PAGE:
20 April 2020 | Story Cornelius Hagenmeier
Cornelius Hagenmeier
Cornelius Hagenmeier is the Director: Office for International Affairs at the UFS

The novel coronavirus COVID-19 pandemic has emerged as an unexpected threat to the internationalisation of higher education. With the rapidly growing infection and deaths globally as well as local transmission in South Africa, much of the ramifications of the virus impact profoundly on student and staff mobility. The outbreak in South Africa has resulted in the UFS suspending its in-class academic programme; cancelling graduation ceremonies, open days, and official events; and temporarily closing its residences. Besides, a moratorium has been placed on international travel, and local travel is discouraged.

The impact on the internationalisation of higher education extends far beyond the fate of international students being affected by the closure of residences. Conference cancellations, the moratorium on international travel, and the sudden departure of research students disturb laboratory-based and human subject research and adversely impact the overall knowledge production.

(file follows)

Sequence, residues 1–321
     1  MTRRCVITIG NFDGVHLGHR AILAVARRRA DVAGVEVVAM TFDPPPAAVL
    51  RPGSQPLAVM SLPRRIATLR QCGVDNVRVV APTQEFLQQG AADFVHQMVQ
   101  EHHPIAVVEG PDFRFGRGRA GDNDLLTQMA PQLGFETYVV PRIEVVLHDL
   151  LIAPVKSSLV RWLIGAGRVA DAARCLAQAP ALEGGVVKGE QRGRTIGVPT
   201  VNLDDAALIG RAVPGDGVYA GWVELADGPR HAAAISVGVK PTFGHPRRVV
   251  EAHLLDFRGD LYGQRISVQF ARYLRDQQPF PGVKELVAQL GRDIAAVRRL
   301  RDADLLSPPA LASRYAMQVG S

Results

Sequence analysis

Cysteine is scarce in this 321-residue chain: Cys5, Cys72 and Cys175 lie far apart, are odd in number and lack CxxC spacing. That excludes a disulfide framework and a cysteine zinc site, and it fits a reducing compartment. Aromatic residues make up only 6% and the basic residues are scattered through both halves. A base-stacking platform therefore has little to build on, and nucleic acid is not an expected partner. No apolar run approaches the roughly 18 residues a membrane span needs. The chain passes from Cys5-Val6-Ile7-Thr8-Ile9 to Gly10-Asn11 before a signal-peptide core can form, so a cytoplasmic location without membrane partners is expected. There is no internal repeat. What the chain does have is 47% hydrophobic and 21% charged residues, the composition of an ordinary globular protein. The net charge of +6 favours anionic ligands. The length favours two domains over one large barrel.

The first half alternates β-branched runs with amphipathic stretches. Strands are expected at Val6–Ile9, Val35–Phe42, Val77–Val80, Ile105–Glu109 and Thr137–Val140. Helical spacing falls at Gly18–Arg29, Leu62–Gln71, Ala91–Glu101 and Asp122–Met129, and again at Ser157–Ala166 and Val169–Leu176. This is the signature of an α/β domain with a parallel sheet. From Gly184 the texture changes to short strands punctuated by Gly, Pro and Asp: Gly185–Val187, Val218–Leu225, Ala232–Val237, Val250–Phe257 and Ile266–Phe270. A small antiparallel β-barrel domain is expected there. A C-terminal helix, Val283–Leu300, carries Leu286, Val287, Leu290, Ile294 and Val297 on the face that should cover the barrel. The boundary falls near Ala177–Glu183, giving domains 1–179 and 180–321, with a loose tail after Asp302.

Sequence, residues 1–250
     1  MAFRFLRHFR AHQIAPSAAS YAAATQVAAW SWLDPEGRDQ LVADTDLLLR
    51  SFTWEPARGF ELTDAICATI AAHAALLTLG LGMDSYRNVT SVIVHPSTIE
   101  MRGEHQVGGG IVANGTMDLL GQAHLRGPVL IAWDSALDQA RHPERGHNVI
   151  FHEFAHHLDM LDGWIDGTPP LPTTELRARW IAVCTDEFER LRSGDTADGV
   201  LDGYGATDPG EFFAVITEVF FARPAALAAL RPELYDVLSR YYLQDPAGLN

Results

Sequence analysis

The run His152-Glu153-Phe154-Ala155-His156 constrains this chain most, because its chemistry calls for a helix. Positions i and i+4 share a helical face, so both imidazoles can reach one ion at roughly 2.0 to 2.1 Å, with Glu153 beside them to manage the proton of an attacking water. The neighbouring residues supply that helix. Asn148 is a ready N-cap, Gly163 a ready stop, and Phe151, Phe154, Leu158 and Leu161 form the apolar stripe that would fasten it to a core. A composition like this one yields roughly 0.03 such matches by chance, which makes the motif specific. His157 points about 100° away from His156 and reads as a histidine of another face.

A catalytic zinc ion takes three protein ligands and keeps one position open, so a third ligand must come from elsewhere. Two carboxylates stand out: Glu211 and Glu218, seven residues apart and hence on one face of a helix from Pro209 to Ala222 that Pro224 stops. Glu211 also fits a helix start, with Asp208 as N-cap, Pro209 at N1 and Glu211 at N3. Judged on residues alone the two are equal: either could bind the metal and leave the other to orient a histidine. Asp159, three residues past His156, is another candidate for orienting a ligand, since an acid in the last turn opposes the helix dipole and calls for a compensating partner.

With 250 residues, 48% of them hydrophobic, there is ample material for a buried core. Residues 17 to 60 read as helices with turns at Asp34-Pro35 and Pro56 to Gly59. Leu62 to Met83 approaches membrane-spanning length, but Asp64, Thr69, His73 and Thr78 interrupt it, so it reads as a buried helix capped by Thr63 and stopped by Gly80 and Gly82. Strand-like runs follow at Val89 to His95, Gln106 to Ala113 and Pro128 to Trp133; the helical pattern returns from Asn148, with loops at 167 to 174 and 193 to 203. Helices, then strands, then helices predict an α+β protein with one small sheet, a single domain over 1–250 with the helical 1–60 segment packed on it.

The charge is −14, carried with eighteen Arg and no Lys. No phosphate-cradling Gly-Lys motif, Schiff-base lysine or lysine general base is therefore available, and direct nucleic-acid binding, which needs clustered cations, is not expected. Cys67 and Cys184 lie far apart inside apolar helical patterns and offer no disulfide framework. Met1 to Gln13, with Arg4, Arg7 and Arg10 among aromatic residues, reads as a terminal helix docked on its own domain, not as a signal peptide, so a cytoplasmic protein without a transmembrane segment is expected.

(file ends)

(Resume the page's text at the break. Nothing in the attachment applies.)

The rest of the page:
Internationalisation in an uncertain environment

It is impossible at this stage to forecast the long-term impact of the virus threat to academic mobility. It is already clear that the pandemic will give additional impetus towards rethinking internationalisation in an increasingly uncertain environment. Universities need to proactively engage with the need to prepare students for a globalized world of work and to advance research with less available options for physical mobility. The immediate challenge is not to lose focus on the need to stay globally connected

while managing the higher-education crisis caused by COVID-19.

In addition to taking immediate steps to mitigate the spread of COVID-19, it is necessary to find sustainable alternatives to mobility, such as virtual exchanges, webinars, and virtual conferences. Higher education needs to proactively engage with the challenge posed by the novel coronavirus and stay globally connected in a world where less physical mobility options are available.


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